Looking to rebound from three talc case defeats in St. Louis totaling nearly $200 million in damages, Johnson & Johnson is petitioning for a change of venue.
The New Jersey drugmaker will argue in appeals that Missouri isn’t right for the trials, Reuters reports, because the jury pool in the area has been tainted by millions in ad spending by its opponents. Attorneys for plaintiffs deny that charge, the news service said. J&J will also contend that a majority of women bringing the cases aren’t from St. Louis, nor is the company.
The company stands by its products’ safety and “deeply” sympathizes with those affected by ovarian cancer, J&J has said.
J&J faces about 2,500 cases making the claim that the company’s talc products caused women to get ovarian cancer, with most filed at the City of St. Louis Circuit Court, according to Reuters.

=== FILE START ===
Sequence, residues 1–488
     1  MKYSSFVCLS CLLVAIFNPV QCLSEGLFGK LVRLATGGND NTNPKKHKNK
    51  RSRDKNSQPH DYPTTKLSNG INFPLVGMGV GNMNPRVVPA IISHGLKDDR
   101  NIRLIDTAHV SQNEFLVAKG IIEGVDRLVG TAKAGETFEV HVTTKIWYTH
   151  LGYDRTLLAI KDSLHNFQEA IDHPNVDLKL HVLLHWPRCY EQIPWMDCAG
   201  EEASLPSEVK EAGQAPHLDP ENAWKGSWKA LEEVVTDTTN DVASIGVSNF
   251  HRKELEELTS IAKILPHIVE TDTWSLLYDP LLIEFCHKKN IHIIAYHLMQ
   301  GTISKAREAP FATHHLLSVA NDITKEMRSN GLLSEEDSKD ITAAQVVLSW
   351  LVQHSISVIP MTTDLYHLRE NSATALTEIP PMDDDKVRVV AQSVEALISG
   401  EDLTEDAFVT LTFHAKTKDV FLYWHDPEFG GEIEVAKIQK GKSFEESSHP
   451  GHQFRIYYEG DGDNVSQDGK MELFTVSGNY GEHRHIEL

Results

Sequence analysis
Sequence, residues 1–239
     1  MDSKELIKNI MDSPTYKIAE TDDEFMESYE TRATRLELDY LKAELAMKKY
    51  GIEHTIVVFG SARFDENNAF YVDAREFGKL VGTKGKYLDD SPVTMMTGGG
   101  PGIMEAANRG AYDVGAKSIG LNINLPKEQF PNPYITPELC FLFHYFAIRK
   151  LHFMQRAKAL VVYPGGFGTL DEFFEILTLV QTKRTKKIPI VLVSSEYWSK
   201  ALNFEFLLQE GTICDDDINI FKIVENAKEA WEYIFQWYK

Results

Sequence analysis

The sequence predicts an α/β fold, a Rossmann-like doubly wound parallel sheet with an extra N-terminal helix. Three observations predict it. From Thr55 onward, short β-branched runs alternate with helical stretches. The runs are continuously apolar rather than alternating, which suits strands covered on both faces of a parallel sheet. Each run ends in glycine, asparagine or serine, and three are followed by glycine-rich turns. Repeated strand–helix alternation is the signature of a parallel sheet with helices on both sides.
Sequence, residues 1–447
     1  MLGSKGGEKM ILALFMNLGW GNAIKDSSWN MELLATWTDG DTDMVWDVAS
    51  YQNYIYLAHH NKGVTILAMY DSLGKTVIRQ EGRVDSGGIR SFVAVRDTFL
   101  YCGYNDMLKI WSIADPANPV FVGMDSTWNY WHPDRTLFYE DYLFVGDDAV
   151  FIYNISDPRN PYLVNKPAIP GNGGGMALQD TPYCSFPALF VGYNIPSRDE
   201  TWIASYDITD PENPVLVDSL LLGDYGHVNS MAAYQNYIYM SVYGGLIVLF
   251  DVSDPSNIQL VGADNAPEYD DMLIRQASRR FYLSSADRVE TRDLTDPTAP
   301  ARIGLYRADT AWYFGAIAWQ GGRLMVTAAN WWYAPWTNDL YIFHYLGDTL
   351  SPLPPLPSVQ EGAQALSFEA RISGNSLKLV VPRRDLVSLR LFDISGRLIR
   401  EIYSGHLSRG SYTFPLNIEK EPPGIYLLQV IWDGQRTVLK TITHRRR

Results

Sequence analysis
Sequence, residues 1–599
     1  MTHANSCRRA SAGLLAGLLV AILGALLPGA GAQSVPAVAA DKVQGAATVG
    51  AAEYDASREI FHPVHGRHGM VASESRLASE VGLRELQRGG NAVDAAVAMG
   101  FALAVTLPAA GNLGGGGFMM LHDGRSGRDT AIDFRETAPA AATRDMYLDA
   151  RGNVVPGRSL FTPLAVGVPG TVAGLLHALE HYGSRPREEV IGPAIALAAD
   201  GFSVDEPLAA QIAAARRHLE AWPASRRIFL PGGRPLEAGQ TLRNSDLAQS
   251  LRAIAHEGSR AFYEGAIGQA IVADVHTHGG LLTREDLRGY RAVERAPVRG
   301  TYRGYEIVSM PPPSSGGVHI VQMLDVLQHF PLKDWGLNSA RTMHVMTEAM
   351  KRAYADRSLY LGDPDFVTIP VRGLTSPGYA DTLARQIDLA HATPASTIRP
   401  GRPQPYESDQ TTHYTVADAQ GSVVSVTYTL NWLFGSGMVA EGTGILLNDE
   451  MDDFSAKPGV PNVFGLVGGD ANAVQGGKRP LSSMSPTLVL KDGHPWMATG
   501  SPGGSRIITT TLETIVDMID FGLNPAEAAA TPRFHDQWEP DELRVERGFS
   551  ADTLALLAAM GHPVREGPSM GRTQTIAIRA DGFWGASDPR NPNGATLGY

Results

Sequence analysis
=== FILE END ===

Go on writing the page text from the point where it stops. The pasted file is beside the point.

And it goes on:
In federal trials, the drugmaker pushed to consolidate pretrial work in New Jersey, arguing that a judge there is the “most familiar with the issues.” New Jersey would be the most convenient location, J&J said, and has a comparatively light caseload.
Last month, a jury said J&J should be responsible for $67.5 million in talc-related ovarian cancer damages. Before that, J&J was found responsible in talc cases in February and May, when juries at the court awarded $72 million and $55 million in damages, respectively.
On the heels of the October decision, attorney Jere Beasley told Reuters he believes the drugmaker should be thinking about settling the cases. Beasley’s firm is representing hundreds of the talc cases and also served as co-lead counsel for the landmark $4.85 billion settlement by Merck over its Vioxx painkiller, the largest pharma settlement in U.S. history.
In the case of J&J’s talc powders, though, the products are still on store shelves, so a settlement might damage the brand's reputation and wouldn't limit any potential liability, Fordham School of Law professor Howard Erichson told the news service.
J&J did have some success in New Jersey in a state court in September, when a state judge tossed two cases there after finding “multiple deficiencies” with claims that the company’s talc products caused ovarian cancer. J&J later said “plaintiffs’ scientific experts could not adequately support their theories."